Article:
Although Biloxi, on Mississippi’s Gulf Coast, was greatly damaged during Hurricane Katrina in 2005, much of the damage has been repaired and it is once again a vibrant city. It’s known for its range of casinos, but Biloxi also offers a strong sense of history and plenty of opportunities to interact with nature.
A great place to start your visit is at the Biloxi Visitors Center. Here, you can pick up maps and brochures, see a short film on life in Biloxi and browse museum exhibits about the history of the area. For a nominal fee, you can book a guided tour of the historic Biloxi Lighthouse, which is one of the most photographed images on the Gulf Coast.
Learn more about Biloxi’s history by visiting the 50-acre (20-hectare) property known as Beauvoir. This was the final home of Jefferson Davis, a major figure during the American Civil War. It’s also home to the Tomb of the Unknown Confederate Soldier and the Civil War Museum.
Casinos are another important part of Biloxi’s attractions. The city has nine, including the Beau Rivage Casino Resort, the Hard Rock Hotel and the Grand Casino. For a smoke-free venue, visit the New Palace Casino Point Cadet.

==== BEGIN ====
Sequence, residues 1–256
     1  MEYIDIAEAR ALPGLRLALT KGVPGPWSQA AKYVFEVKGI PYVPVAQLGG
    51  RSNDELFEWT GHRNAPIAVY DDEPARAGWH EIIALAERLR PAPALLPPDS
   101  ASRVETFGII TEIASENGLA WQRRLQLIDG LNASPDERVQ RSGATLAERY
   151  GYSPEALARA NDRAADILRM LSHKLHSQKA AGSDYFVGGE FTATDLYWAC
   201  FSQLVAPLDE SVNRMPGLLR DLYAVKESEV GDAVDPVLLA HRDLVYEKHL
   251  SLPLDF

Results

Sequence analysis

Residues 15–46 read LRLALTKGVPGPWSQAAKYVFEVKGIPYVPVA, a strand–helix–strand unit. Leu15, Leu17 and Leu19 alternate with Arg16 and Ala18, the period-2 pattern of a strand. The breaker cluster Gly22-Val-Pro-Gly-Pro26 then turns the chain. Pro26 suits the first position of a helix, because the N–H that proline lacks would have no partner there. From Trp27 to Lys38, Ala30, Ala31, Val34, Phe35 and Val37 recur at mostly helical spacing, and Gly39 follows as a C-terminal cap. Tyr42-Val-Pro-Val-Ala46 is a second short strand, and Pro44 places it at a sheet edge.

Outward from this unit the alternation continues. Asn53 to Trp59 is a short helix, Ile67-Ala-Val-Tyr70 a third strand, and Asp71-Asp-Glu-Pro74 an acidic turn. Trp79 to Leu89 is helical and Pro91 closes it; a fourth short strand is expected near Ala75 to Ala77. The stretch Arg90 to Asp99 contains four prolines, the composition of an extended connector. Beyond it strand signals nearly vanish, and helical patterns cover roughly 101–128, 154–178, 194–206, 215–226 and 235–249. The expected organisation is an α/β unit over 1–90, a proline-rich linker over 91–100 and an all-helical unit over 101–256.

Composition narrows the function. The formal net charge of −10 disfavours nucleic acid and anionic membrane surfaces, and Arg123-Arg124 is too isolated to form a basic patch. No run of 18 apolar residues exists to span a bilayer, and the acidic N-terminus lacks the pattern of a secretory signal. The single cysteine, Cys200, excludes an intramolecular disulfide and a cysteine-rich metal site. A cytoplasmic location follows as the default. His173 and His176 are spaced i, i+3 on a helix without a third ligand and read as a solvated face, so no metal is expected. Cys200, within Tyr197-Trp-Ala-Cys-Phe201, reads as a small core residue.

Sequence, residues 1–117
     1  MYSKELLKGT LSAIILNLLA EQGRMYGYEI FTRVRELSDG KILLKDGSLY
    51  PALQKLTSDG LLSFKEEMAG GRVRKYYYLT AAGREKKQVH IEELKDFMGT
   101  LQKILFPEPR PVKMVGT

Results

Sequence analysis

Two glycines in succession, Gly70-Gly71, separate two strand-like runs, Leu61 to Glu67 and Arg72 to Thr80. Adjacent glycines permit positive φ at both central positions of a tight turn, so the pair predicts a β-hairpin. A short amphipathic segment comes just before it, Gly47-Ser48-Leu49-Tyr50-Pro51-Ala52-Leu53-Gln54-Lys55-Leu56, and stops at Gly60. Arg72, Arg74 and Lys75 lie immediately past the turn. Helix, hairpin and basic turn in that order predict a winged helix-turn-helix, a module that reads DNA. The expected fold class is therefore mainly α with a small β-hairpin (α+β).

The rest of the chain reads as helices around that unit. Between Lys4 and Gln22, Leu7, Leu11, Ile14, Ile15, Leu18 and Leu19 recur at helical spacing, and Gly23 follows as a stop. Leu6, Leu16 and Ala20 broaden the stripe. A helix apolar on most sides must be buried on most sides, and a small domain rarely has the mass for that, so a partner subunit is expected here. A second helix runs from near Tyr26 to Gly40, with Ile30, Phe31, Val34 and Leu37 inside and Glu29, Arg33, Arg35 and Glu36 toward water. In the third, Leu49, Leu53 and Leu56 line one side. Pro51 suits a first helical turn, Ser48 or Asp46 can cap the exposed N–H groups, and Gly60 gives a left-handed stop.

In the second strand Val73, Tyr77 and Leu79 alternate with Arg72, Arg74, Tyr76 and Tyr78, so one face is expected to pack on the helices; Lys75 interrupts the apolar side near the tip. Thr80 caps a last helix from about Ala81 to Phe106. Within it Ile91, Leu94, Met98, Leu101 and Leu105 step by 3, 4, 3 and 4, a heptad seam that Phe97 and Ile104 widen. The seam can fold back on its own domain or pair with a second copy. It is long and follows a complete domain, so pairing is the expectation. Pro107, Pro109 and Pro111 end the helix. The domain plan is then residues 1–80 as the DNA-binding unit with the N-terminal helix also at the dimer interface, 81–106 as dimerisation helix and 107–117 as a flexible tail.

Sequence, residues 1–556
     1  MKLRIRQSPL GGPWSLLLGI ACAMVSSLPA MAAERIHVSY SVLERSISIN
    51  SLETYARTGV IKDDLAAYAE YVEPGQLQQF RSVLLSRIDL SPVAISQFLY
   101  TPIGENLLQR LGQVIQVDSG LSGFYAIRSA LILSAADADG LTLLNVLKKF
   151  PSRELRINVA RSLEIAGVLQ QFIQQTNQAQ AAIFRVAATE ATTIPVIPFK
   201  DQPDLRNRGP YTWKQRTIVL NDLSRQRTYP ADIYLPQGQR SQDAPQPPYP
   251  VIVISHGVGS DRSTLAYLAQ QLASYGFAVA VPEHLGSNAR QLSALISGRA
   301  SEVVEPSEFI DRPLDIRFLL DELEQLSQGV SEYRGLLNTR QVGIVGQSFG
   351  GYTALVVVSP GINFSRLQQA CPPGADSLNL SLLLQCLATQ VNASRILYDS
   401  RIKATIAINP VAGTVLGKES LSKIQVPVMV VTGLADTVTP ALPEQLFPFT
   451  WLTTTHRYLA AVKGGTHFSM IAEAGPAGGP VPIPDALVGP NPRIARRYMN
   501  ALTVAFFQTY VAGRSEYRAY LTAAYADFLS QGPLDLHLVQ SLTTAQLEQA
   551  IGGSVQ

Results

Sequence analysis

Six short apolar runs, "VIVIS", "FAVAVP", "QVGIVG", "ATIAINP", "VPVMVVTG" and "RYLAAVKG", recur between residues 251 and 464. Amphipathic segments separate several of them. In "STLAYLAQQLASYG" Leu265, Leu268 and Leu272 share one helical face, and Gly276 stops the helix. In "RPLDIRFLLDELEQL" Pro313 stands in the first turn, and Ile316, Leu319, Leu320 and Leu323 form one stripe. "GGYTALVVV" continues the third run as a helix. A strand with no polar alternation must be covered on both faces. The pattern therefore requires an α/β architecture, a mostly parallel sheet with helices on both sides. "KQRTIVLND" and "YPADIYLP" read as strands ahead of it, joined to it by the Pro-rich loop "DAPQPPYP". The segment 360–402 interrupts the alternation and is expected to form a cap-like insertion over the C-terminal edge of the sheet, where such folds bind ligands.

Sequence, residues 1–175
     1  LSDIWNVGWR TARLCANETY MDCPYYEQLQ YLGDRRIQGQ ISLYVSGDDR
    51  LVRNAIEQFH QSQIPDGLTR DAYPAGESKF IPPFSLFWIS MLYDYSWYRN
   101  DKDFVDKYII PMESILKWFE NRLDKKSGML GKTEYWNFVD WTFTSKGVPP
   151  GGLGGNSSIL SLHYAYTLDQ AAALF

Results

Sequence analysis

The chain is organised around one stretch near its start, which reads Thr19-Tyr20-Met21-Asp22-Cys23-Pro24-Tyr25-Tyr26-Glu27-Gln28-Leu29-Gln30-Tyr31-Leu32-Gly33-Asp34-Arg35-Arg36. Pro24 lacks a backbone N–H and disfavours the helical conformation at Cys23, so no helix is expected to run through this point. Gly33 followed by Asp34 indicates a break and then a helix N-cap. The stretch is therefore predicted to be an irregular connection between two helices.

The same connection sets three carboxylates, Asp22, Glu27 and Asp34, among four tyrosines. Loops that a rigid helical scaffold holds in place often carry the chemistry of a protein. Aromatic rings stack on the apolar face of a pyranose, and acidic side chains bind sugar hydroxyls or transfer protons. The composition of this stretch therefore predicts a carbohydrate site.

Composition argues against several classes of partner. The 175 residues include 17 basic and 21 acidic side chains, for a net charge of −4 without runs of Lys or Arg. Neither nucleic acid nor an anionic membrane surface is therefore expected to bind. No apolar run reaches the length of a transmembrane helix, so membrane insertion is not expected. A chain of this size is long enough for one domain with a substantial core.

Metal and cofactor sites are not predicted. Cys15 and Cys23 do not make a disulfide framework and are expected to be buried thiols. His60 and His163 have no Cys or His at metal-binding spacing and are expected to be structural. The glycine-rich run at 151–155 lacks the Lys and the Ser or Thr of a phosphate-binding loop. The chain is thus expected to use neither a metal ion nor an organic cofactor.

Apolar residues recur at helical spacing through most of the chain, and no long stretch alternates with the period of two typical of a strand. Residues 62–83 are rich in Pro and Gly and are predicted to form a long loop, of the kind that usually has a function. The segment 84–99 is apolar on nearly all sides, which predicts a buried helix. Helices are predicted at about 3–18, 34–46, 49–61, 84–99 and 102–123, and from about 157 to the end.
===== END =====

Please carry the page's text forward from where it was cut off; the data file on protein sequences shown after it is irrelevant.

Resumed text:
Set aside an afternoon to visit Ship Island, 12 miles (19 kilometers) south of the city. The island is perfect for nature lovers who are interested in fishing, shelling, sunbathing or wildlife spotting. It can be reached by a dedicated shuttle boat and offers amenities such as restrooms and snack bars.
For some quiet time, spend a few hours at the Old Biloxi Cemetery, where you can visit a memorial wall honoring those killed during Hurricane Katrina. The historic cemetery also features headstones from the 1800s belonging to Biloxi’s founders and Civil War soldiers.
Driving is the easiest way to get around Biloxi, but if you do need to get public transport, consider using the Coast Transit Authority’s Casino Hopper. This bus service stops at the Visitor Center and other attractions as well as all the casinos.